New Years

chinese-dragon.jpgChinese New Year or the spring festival celebration lasts for 15 days starting with a parade headed by a large size red dragon dancing its way through the streets and businesses of Chinatown. In Boston, the New Year started with a bang! Firecrackers were exploding loudly echoing on the narrow street, lettuce leaves and orange peels were littering the pavement in the wake of the dragon,tossed to symbolize prosperity and good fortune.

The date for the new year changes every year. It is based on a combination of the Chinese lunar/solar calendar. Chinese New Year is always celebrated on the second moon after the winter solstice. That is why the date is never the same. Chinatown is decorated with red lanterns (red for good luck). Bright red packets with gold writing hang from all the trees outside and plants in restaurants symbolizing lucky money and everyone has been sweeping and cleaning their houses, sweeping out any bad luck from the past year.

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porkdumplingsI love the custom of Chinese dim sum because it brings friends and family together at the table. This style of food is enjoyed with small plates, which allows the diner the opportunity to enjoy many different dishes in small quantities. For me it's a way to find a favorite and stick with it. In every Chinatown in the United States you would be hard pressed not to find a restaurant offering dim sum or what I like to call Chinese brunch. I remember my first time at a dim sum place in New York with a group of Asian friends. I was lucky to have help in deciphering the menus and communicating with the waitresses, who brought out the food on trolleys and took orders by stamping slips of paper. It's truly an experience that transports the nonnative eater to China.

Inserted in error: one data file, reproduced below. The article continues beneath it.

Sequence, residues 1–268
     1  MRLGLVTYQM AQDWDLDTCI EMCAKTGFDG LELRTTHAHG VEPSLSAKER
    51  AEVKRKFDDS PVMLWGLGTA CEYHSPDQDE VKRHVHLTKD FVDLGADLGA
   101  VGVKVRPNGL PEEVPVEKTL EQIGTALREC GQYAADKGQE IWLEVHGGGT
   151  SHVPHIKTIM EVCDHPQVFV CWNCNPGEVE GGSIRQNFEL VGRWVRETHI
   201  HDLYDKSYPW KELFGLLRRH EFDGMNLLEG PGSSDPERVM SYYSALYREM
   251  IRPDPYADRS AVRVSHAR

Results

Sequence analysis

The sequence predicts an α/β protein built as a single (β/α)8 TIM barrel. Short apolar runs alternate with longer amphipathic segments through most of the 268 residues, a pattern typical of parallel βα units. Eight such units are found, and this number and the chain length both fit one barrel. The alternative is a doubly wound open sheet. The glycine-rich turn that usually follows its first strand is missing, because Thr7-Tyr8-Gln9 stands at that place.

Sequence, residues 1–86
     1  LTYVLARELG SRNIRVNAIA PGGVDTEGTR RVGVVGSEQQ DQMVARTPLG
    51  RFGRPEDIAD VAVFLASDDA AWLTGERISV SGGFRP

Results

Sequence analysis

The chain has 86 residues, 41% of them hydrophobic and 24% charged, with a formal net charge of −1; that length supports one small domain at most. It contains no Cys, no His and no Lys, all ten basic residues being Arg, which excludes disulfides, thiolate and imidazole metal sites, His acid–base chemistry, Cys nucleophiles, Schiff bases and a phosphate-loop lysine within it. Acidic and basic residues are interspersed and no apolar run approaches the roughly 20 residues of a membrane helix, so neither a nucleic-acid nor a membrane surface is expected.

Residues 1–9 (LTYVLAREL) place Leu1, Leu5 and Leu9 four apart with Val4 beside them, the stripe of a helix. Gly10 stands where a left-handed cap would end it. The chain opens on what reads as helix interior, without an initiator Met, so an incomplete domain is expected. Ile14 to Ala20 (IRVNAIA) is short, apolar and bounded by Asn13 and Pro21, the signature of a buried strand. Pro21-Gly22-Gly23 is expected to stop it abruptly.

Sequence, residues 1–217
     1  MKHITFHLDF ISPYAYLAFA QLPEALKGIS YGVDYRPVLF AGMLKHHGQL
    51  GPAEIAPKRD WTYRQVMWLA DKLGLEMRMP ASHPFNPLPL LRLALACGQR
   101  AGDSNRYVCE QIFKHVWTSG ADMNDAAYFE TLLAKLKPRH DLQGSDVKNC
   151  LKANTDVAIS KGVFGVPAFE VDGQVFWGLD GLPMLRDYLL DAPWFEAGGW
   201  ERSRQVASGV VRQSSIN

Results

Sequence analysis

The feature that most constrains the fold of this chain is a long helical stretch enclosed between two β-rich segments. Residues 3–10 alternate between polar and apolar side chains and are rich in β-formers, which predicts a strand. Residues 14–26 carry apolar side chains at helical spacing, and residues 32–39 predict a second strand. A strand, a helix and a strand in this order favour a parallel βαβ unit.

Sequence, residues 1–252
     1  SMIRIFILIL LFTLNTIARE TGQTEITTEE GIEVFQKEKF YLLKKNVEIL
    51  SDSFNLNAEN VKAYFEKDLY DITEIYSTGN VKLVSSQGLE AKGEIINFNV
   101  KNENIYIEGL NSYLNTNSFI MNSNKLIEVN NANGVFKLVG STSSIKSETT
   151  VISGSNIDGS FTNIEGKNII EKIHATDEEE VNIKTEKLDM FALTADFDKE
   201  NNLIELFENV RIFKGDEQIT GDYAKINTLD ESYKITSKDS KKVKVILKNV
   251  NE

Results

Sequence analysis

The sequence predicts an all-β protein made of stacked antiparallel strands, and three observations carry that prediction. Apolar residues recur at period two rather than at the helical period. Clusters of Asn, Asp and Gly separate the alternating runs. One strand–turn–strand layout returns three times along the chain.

It's been many years since I've had good traditional dim sum and my longing for dumplings has increasingly grown since. With the arrival of Chinese New Year, there is no better reason to make my dim sum favorite, shu mai, at home. These dumplings are typically made of shrimp and pork, but they can also be made of pork and mushroom, and even mutton, depending on the regional cuisine. No matter the filling, shu mai always retain a characteristic look: they sort of resemble little volcanoes with filling erupting from their tops. They only need limited skill to form the shape and the best shortcut of all is using wonton wrappers instead of making the dough. It takes just minutes to bring together this easy dim sum, which also makes a fun party appetizer.

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Here we go again.

This is where Magical Thinking meets Enlightened Acceptance.

Here are some examples of Magical Thinking:

fruits_vegetables.jpg1.)   I’m going to lose 15 lbs. this year.

2.)  I’m going to eat right this year (less sweets and fat).

3.)  I’m going to walk the dogs more often.

4.)  I’m going to read more rather than play Jewel Quest on the computer.

5.)  I’m going to re-do the garage/kid’s room/my office, without spending any money.

6.)  I’m finally going to read that material about learning to do books on tape for extra money.

7.)   I’m going to plan meals more so that everyone in the house isn’t grazing the whole day, including me.

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LuckyPulledPorkBlackPeasNachosHappy almost New Year’s everyone! It’s so hard to believe this year has come to an end. I have a slew of wonderful memories.

I love New Year’s Eve, it’s full of promise and hope for a better year. A year filled with health, organization, great food and more balance in life. We’ll see how I do.

How many of you start the New Year with food known for good luck? I am not a superstitious person, but everyone could use a little good juju…right? Lots of different foods are considered lucky on this day as they symbolize the eater’s hopes and dreams for the coming months and years.

Pork is considered a symbol of “progress” by many countries. A pig’s feeding habits cause them to “root forward” with their snouts, never looking back. Pigs are also…rotund, a sign of prosperity in many places around the world. Enjoy your pork in any form you choose and then buy a power ball ticket?! Why not.

I’ve also added (lucky) black-eyed peas to these nachos due to their resemblance of coins, a symbol of abundance. (Go get on a slot machine I suppose). Cornbread is also considered lucky, but instead I’ve added just the corn itself, emblematic of golden nuggets. I know.

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